Professor Edzard Ernst wrote a nice summary article within the Spectator that outlines some of the key Cochrane reviews that have documented all the various studies.
Here is what we discover about Homeopathy …
1 Does homeopathy work for asthma?
Six trials with a total of 556 people were included. The authors concluded that ‘there is not enough evidence to reliably assess the possible role of homeopathy in asthma.’
2 Does homeopathy work for dementia?
There were no studies that could be included and the authors concluded that ‘in view of the absence of evidence it is not possible to comment on the use of homeopathy in treating dementia’.
3 Does homeopathy work for the induction of labour?
Two trials, involving 133 women, were included. The authors concluded that ‘there is insufficient evidence to recommend the use of homoeopathy as a method of induction’.
4 Does homeopathy work for ADHD?
Four studies with a total of 168 patients were eligible for inclusion. The authors concluded that ‘there is currently little evidence for the efficacy of homeopathy for the treatment of ADHD’.
5 Does homeopathy alleviate the adverse effects of cancer treatments?
Eight controlled trials with a total of 664 participants met the inclusion criteria. The authors concluded that ‘this review found preliminary data in support of the efficacy of topical calendula for prophylaxis of acute dermatitis during radiotherapy and Traumeel S mouthwash in the treatment of chemotherapy-induced stomatitis. These trials need replicating. There is no convincing evidence for the efficacy of homeopathic medicines for other adverse effects of cancer treatments.’
6 Does homeopathy work for irritable bowel syndrome?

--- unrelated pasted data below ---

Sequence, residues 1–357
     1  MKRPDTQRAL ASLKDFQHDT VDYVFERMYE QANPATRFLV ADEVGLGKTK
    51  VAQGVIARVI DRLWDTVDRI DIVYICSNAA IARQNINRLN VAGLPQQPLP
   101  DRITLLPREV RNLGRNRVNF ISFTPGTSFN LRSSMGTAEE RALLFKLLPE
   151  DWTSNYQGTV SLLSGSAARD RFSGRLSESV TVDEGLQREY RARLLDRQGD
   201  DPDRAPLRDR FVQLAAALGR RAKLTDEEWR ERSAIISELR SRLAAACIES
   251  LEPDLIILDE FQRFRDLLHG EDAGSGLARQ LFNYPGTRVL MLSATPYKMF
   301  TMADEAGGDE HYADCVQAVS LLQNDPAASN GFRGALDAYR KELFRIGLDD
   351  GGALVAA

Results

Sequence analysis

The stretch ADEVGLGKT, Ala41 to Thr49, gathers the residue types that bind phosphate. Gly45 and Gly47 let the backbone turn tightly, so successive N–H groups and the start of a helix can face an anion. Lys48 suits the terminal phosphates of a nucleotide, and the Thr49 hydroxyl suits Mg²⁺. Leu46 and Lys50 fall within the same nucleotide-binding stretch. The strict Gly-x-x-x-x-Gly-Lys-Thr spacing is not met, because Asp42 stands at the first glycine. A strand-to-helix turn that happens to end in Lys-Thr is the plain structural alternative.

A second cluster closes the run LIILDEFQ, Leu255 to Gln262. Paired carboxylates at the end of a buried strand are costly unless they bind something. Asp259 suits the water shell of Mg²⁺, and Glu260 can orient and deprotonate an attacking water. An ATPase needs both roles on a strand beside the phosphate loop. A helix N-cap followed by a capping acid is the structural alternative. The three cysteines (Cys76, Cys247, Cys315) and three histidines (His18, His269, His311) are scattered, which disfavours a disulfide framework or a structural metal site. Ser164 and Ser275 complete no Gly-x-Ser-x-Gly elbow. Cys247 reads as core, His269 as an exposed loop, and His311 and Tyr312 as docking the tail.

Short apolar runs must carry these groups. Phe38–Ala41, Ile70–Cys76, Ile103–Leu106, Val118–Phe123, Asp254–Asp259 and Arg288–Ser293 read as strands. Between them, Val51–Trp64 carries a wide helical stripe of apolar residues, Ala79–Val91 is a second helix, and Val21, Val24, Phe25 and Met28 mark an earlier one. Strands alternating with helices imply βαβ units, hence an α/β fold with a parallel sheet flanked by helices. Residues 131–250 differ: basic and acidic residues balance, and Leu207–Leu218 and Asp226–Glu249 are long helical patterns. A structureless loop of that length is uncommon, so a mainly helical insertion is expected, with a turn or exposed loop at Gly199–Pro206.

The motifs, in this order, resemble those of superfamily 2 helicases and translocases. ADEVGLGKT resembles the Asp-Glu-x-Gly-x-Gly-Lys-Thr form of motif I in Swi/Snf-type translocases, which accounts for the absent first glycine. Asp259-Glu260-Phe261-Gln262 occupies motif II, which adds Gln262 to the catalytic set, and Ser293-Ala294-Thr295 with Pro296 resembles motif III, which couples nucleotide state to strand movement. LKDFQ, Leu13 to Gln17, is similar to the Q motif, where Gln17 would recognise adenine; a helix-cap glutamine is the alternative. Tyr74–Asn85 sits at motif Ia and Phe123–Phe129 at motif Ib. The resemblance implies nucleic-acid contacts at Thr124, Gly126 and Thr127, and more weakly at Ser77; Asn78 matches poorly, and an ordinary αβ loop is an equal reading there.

Three RCTs with a total of 213 participants were included. The authors concluded that ‘a pooled analysis of two small studies suggests a possible benefit for clinical homeopathy, using the remedy asafoetida, over placebo for people with constipation-predominant IBS. These results should be interpreted with caution due to the low quality of reporting in these trials, high or unknown risk of bias, short-term follow-up, and sparse data. One small study found no statistically significant difference between individualised homeopathy and usual care (defined as high doses of dicyclomine hydrochloride, faecal bulking agents and diet sheets advising a high fibre diet). No conclusions can be drawn from this study due to the low number of participants and the high risk of bias in this trial. In addition, it is likely that usual care has changed since this trial was conducted.’
7 Does homeopathic Oscillococcinum work for influenza?
The authors included six studies: two prophylaxis trials (327 young to middle-aged adults in Russia) and four treatment trials (1,196 teenagers and adults in France and Germany). They concluded that ‘there is insufficient good evidence to enable robust conclusions to be made about Oscillococcinum in the prevention or treatment of influenza and influenza-like illness’.
Wait a tic, what was that observations from Number 5 above that reads “this review found preliminary data in support of the efficacy of topical calendula for prophylaxis of acute dermatitis during radiotherapy and Traumeel S mouthwash in the treatment of chemotherapy-induced stomatitis”. That warrants a slightly closer look. There they looked at a total of eight trials …
- 2 of the 8 appear to show some benefit … but, here is the catch … the “homeopathy remedies” deployed were not the usual highly diluted remedies, hence did actually contain stuff that might actually do something, and so were not actually homeopathy remedies at all.
So the clinical evidence is this – Homeopathy does not work.
And so the latest news is this – you will no longer be getting a free prescription via the NHS for Homeopathy, so you now need to pay a few pounds if you really do want stuff that does not actually work.
Gasp! … what a revolutionary idea, except of course it is being driven by the government inspired financial famine, so the real news is this. NHS England can no longed afford to give out popular treatments that some demand but don’t actually work.